Can WSJ pay model work at other sites?
Proponents and opponents of paid content often invoke the subscription model at the Wall Street Journal Online as the reason for why their point of view is right.
In the following guest commentary, Bill Grueskin, former managing editor of WSJ.Com, sorts through what he calls “a few common myths” to provide insights into why and how the Journal came to be the most prominent pay site on the web. He left the Journal last summer to become the dean of academic affairs at Columbia University’s Graduate School of Journalism.
By Bill Grueskin
Dow Jones has been strikingly consistent (some would say maddeningly stubborn) about its paid strategy.
While I was at WSJ.Com, we had many spirited discussions/arguments how much to raise the price, how many articles to make free, how to generate more outside traffic. But no one ever seriously considered making the site free.
Rupert Murdoch mused openly about lifting the subscription wall during his negotiations over Dow Jones, but changed his mind once he took over and realized how valuable the strategy was – and how irrevocable a change in that strategy would be.
And so, how replicable is the Journal’s model?
It’s hard to say, given how rarely others have tried to charge for content, and how half-hearted those efforts have been.
The Los Angeles Times, for example, tried charging for its Calendar section and listings a few years ago. It survived about as long as the New York Times TimesSelect experiment, which involved charging for opinion columns and several other online features.
One lesson from those efforts: It is a mistake to ask people to pay for chunks of content that previously were free, especially when the content – particularly something like opinion or entertainment content – is replicable elsewhere.
Which gets to the larger point, and to the Journal’s unbending decision to charge – and keep raising the price – for WSJ.Com. It is very hard to ask people to pay for something you’ve trained them to get for free.
This gets back to Alan Mutter’s concept of “Original Sin.” In that scenario, what argument would you make to your readers? Do you tell them that your current business model is failing so they need to support this other version of the same product? At that point, media companies become charities, not businesses. And charity isn’t going to support journalism.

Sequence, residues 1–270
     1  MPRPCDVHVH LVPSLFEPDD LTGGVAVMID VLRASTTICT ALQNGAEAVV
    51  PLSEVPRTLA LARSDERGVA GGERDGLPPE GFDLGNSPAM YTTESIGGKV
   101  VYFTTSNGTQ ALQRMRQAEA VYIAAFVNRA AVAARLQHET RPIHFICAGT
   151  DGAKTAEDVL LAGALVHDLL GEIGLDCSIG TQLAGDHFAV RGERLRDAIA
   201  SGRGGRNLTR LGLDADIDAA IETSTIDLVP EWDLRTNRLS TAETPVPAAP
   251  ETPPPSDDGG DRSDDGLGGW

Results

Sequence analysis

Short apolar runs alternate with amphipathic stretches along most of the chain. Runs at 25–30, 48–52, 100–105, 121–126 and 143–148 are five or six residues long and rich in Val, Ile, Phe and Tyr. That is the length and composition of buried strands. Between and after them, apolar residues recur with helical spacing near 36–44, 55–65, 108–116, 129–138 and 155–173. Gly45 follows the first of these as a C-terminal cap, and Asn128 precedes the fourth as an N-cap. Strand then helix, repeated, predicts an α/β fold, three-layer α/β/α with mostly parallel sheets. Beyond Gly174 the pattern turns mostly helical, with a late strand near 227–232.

The arguments also ignore the fact that most media companies have thrived on advertising, not circulation revenue. Even in flusher times, what readers paid for the newspaper generally covered the newsprint, ink and delivery. It was all those ads that kept the enterprise going. And, of course, that’s even more true in broadcast television news, where the subscription cost is zero.
One of the lesser-known benefits of WSJ’s subscription model was that it enabled the site to charge considerably higher rates for ads than free sites did. Advertisers were paying for the Journal’s audience, which, beyond being affluent, was in a position to buy Cisco servers and JP Morgan financial products. Ubiquity is great, but it doesn’t pay the bills by itself.
And this is where I think the paid vs. free argument gets lost.
Free-content advocate Jeff Jarvis, Alan and I would all likely agree that slapping a subscription fee on an existing free news site is going nowhere. Attaching micropayments, iTunes-style, is even more hopeless. Such tactics may temporarily reduce cannibalization of the print edition, but that erosion is well under way.
What’s missing is the more important quality: engagement. Readers’ time can be as valuable as their money – more so online, where options to flee to another news source involve clicking a mouse, not heading to the newsstand to buy a different newspaper.
You see this error in the way online publishers gauge their traffic. They usually cite monthly unique users, but, in fact, I’ve always thought total time spent per user, or page views per visitor, were more meaningful metrics.
If a news site gets 250,000 new unique users thanks to a link on Drudge, and that generates exactly 250,000 page views, the value of that traffic is minimal. All it shows is that those readers are engaged with Drudge, not the news site.
Engagement is important journalistically, too. Ask many reporters why they got into the business, and they say they wanted to have impact – on people’s lives, on government conduct, on foreign policy. You get impact by engaging readers, and, in a happy coincidence, you also get a better economic model.
What are the kinds of things readers that readers of a local news site would pay for?
How about a daily email that told them what traffic spots to avoid, or an authoritative reader-generated guide to the best and worst public schoolteachers? Or a regularly updated site that told readers how much and why local real estate listings had dropped or risen in the last few weeks, along with examples of how certain homeowners got appraisals lowered? Or innovative coverage of local government, providing sample bills every time property taxes go up and video clips of commission meetings intertwined with analysis and context? In other words, content that is truly of online, not just posted there. (Alan made much the same point, with his own examples, in his recent post here.)
Charging readers for content might work, but it needs to be a consistent approach, with targeted content that enriches the lives of readers. More fundamentally, online editors and publishers need to value their readers’ time, and make editorial and business decisions that fit that goal.
The Journal’s route may be unique, but the key to expecting readers to pay you – with their money or their time – is not.